When I think of each of you, I remember our first conversations, your excitement, your energy, your concern if you could do it, and above all else: hope. Each one of you was hopeful for a better position, a better sense of self, and a drive to move forward to the places you wanted to go. You know what Dr. Seuss said, “You are off to great places! Today is your day! Your mountain is waiting so get on your way!”
As you go on your way, consider this point. Paulo Coelho said, “Life is too short to wake up in the morning with regrets, so love the people who treat you right, forgive the ones who don’t, and believe that everything happens for a reason.” This is so true! No assignment, no APA structure, nothing in this program or in your life in general could keep you from being what you are today: a member of the 2020 graduating class of the MSOL program here at Goodwin University. Even though we have faced a pandemic, horrible loss of life, and now unrest tearing at the fabric of our society, still you are moving on. What does this mean for you?
There are no promises about where we go from here except this: if we ever needed leaders to guide the transition in our world, it is now! Though you have no promises of what awaits you, we do know a few things. We know the world outside is challenging, tormented, and tormenting, with a deep need for hope. This is where your leadership comes in: you need to find and sustain hope.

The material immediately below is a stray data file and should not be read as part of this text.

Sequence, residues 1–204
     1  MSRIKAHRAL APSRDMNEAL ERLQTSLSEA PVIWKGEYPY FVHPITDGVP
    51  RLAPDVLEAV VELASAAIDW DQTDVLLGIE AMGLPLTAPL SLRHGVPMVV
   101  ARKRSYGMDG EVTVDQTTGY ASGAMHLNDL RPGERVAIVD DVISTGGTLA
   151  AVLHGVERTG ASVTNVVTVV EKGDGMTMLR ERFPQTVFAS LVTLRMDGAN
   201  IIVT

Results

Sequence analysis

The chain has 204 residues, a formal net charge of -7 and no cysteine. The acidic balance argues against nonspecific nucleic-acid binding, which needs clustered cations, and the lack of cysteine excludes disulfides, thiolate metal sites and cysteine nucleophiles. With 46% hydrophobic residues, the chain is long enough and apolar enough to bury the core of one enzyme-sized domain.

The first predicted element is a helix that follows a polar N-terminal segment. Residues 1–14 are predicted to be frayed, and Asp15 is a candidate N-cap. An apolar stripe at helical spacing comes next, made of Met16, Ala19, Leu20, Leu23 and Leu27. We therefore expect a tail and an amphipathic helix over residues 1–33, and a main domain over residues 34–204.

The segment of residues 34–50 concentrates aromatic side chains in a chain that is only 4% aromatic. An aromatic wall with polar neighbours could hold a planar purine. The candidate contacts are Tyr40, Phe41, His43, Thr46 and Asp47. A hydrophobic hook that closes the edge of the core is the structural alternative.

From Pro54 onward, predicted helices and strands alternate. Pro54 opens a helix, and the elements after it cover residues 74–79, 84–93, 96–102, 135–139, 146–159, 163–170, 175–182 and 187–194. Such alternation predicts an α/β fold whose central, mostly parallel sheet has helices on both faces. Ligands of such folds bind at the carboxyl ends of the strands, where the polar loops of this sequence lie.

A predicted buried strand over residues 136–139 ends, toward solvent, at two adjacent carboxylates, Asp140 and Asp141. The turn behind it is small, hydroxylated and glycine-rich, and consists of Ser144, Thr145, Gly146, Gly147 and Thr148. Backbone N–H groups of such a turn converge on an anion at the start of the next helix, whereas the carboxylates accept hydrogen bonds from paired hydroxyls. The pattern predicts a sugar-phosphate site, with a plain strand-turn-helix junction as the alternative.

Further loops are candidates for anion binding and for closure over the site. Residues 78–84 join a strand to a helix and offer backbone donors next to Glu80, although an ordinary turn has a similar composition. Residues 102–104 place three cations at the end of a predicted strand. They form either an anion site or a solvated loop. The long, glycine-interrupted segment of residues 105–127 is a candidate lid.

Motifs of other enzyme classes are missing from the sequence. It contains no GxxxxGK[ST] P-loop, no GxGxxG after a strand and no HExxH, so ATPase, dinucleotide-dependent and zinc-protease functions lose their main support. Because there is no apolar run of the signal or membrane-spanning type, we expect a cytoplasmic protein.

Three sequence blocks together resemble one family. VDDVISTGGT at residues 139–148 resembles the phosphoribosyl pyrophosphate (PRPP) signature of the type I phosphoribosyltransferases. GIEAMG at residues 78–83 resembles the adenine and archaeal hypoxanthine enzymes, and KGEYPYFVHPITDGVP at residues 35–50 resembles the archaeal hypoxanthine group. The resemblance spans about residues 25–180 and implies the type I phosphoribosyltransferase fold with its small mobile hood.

Have things fallen apart? Yes, they have. I think you will find that sometimes things do fall apart so you can find a better way. Broken can be mended with thought, care, and change, and in the process become something new and on point. If you start with hope and appreciation of broken people and a broken world, you as leaders can bring into the dialogue energy and enthusiasm for what lies ahead.
We are all flawed! Some of us have flaws that are more visible and others may seem to be able to hide their mistakes, but don’t doubt that we are all flawed. Pema Chodron is a Buddhist nun who often speaks about healing and moving past brokenness. Pema said, “We can let the circumstances of our lives harden us so that we become increasingly resentful and afraid, or we can let them soften us and make us kinder and more open to what scares us. We always have this choice.” I truly hope you allow this world, particularly at this difficult time, to soften you and make you kinder. Work to be patient with your flaws and appreciate the flaws of others. I implore you to embrace faith and hope and above all do not forget the beauty that is in each of you.